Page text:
HA NOI – The Viet Nam General Nutrition Survey 2009 – 2010 report, released today, revealed that one out of three children under the age of five suffers from malnutrition, causing serious developmental defects.
The study also showed that the rate of pre-school children who are unerweight is 17.5%, and that 29.3% experienced stunted growth in 2010. The figures come out ot coming to 2.1 million stunted and 1.3 million underweight children.
Another alarming finding was that children in remote areas suffer the consequences of malnutrition at a rate twice as high as those who grew up in more developed regions of the country.
Other scientific studies have proven that the effects of malnutrition go beyond the potential growth rate of individual children, but can also have an impact on the social and economic development of the country.
Nguyen Viet Tien, Deputy Health Minister, said, "This study has provided a more comprehensive picture of the nutritional situation of families in Viet Nam. This information adds to a wider understanding of the importance of the issue to our country."
Other problems revealed by the survey included an obesity rate among children close to 6%. These numbers are higher in large urban areas, such as HCM City and Ha Noi, where they are as high as 12-15%.
Since 2006, the childhood obesity rate for children under five has seen a six-fold rise.
"We face two challenges. On the one hand, malnutrition remains a problem in much of the rural area of Viet Nam, particularly in mountainous regions. At the same time, urban areas are facing the problem of childhood obesity. The situation requires quick action so we don't make the same mistakes as middle-income countries," said Tien.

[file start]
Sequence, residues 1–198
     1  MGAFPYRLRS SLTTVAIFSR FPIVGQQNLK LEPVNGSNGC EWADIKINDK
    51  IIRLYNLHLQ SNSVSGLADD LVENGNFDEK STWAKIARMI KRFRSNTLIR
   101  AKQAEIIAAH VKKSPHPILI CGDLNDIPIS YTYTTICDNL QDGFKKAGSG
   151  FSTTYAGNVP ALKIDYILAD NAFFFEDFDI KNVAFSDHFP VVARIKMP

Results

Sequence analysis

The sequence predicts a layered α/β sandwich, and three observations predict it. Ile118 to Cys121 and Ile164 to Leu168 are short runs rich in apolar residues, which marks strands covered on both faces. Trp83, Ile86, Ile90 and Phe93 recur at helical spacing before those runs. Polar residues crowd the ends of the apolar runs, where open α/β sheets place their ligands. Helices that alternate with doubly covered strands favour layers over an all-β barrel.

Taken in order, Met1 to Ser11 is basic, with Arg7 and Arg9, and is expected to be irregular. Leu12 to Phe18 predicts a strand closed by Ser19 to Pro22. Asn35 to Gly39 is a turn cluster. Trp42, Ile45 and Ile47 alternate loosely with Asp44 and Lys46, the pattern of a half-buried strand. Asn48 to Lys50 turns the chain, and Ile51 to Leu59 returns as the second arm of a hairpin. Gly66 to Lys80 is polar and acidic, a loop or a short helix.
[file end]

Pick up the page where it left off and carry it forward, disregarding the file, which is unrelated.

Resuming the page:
Rajen Kumar Sharma, a representative from UNISEF, said, " Although there has been a notable reduction of growth-stunting over the last few years, the number are still much higher than they should be. These disparities in health and nutrition reveal underlying socio-economic factors at play."
The Government launched a National Nutrition Strategy through 2020.
Sharma said, "The National Nutrition Strategy particularly addresses the very important problem of stunted growth as a result of malnutrition. Now we are attempting to draw the attention of investors and other stakeholders to the seriousness the issue."
The National Nutrition Strategy Plan through 2020, which includes a vision towards 2030, was adopted this February by the Government. The overall goal of the strategy is to improve the physical and mental well-being of the population by ensuring adequate nutrition.
The strategy's focus is to the quality of meals and provide mothers with information about good nutritional practices to minimise the negative effects of obesity and malnutrition. An important part of the programme is also to educate the adult population about dietary standards.
The survery, conducted by the National Institute of Nutrition, included over 37,000 people from 8,400 households, and was spread over 63 provinces and cities nation-wide. The institute operates under the Ministry of Health, and co-operated with UNICEF, the World Health Organisation and the Food Agriculture Organisation. – VNS